“American” seems to be the new catchword for subtitles, right up there with “change.” In John James Audubon: The Making of an American (Knopf, $30, 503 pages, illus.), Richard Rhodes portrays the artist-naturalist’s life as an immigrant’s triumph over adversity. The tale is extraordinary enough to be fiction, and indeed, Audubon was not above embroidering it when he chose to. But the mind boggles at the artistry, persistence, and sheer stamina that Audubon demonstrated throughout his fascinating life.

The illegitimate son of a French sea captain and a chambermaid, born on a Haitian plantation in 1785 and adopted by the captain’s wife in France, young Audubon barely escaped execution during the Terror. At age 18 he was sent to Pennsylvania to escape conscription into Napoleon’s forces.

“He could sing, dance, play the flute, the violin and the recorder-like flageolet, fence, hunt, shoot and ride and draw,” says the author, and all these accomplishments would come in handy as he indulged his real passion: observing, mounting, drawing, and describing the habits of birds in the publications that made him famous.

Mr. Rhodes, a prolific author with a Pulitzer Prize to his credit, does full justice to Audubon’s struggle to make a living in a new country. First he had to learn English — which he did in a Quaker boardinghouse. (“He thee’d and thou’d his intimates ever after.”) Then his business venture in Kentucky failed during the bank panic of 1819; the resulting bankruptcy was to plague him for the rest of his life. Only Audubon’s adventurous spirit kept him trying new enterprises until he could at last turn his hobby into his new business, “The Birds of America.”

Audubon was particularly fortunate in his wife, Lucy, a talented English immigrant who bore him four children (the two girls died in infancy) and supported the family through teaching when he left for England to pursue publication of his drawings and drum up subscriptions. The letters the couple exchanged during their three-year separation, while he was riding herd on various engravers and “colorers” in Edinburgh and London and eventually hobnobbing with nabobs and royalty, are poignant.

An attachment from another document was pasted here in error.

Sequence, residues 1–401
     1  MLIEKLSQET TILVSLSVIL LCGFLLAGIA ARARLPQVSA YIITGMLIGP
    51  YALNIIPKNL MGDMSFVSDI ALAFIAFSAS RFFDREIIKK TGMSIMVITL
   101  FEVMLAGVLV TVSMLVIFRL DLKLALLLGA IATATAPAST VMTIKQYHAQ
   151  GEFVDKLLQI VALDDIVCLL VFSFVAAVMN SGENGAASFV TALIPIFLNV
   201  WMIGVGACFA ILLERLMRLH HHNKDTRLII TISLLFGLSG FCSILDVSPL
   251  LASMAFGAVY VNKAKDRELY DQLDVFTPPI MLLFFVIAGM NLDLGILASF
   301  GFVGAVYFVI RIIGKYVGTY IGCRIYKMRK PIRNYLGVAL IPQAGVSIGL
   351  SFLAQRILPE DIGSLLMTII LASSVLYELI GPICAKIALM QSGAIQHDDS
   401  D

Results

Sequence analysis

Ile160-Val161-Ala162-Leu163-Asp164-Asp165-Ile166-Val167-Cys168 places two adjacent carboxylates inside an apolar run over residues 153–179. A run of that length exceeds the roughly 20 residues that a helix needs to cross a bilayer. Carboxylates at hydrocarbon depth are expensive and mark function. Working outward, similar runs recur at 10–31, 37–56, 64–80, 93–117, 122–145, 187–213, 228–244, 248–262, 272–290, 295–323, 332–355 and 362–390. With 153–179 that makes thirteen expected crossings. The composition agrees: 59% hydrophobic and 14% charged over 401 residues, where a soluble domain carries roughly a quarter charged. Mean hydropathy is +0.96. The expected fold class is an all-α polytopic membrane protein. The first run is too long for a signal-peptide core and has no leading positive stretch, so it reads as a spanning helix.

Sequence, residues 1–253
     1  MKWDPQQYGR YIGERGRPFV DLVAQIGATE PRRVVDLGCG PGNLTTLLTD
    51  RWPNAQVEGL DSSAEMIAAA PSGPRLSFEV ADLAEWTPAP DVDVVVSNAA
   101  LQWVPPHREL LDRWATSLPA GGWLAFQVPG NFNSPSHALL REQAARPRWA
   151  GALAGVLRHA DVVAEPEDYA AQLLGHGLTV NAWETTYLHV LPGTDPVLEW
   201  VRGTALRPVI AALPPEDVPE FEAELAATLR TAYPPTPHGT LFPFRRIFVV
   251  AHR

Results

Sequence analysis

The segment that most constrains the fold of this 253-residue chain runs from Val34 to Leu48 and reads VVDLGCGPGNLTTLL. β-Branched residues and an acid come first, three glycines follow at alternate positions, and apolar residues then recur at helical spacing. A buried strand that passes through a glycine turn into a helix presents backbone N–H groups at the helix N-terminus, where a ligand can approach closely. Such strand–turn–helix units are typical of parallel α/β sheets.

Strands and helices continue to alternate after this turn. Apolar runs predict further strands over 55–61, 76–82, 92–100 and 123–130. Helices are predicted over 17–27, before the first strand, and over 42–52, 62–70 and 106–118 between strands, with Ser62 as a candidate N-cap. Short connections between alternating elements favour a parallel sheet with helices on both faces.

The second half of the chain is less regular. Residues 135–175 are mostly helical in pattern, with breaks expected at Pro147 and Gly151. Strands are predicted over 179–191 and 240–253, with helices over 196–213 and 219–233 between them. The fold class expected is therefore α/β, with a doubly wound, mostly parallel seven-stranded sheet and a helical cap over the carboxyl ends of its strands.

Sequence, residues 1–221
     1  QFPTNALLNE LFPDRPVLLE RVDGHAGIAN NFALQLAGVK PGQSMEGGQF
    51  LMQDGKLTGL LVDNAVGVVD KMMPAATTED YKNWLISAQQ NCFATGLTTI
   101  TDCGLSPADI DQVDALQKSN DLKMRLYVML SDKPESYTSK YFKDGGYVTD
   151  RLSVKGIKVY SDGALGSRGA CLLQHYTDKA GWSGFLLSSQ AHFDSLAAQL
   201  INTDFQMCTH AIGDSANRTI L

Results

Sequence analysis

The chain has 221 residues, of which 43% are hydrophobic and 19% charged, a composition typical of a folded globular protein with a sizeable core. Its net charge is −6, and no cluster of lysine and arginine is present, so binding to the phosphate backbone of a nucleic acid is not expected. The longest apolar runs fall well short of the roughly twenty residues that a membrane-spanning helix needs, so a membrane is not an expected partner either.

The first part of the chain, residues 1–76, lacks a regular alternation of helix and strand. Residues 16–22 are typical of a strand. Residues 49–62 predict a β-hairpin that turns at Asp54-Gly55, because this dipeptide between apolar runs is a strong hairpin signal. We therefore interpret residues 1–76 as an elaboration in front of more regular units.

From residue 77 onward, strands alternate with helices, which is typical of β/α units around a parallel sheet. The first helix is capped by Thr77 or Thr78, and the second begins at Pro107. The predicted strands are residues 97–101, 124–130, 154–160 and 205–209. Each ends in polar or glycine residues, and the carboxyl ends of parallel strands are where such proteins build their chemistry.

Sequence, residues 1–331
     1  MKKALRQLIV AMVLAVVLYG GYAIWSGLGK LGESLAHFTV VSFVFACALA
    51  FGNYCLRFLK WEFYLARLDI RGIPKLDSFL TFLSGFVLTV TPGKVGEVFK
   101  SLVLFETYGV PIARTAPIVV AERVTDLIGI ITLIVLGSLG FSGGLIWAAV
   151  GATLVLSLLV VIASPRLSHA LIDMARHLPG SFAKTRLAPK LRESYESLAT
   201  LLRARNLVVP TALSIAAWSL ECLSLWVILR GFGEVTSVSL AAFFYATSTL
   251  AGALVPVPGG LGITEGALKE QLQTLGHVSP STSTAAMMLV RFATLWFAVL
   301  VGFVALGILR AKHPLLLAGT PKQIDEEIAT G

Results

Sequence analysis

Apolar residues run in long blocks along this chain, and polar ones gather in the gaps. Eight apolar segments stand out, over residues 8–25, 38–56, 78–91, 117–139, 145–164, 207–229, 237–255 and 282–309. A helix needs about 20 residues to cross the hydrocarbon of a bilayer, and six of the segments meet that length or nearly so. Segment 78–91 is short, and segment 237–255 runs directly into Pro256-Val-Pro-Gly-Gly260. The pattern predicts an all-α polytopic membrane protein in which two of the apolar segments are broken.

In addition, Audubon’s voluminous journals — he kept them throughout his intrepid pursuit of birds in the wilderness, as well as in Europe — have been mined to give the text a sense of immediacy and suspense that only a trove of written records, and a skillful biographer, can provide. Despite near-death experiences and countless setbacks (for example, when rats ate one collection of drawings, he just did them again, better), Audubon always remained optimistic.

Lucy, too, never quit. When their two daughters-in-law died of consumption in their early twenties, she reared their children. Audubon made his final collecting journey to the West in 1843, declined into dementia in 1847, and died in early 1851. The two sons, who had helped their father in the continuing production of various editions of his work, died within the decade, Victor at 50 and John at 49. In 1865, to meet the family’s debts, Lucy sold Audubon’s original drawings for $2,000; most of the copper engraving plates were sold for scrap.

Mr. Rhodes is not squeamish in describing what especially distinguished Audubon’s work from traditional wildlife painting: It was “graphic and precisely rendered violence” in nature. Audubon himself killed a lot of wildlife in the process of obtaining specimens to paint for posterity, but he was ahead of his time in decrying wanton destruction of animals — not to mention Indians — on the frontier.

John M. and Priscilla S. Taylor are writers in McLean, Va.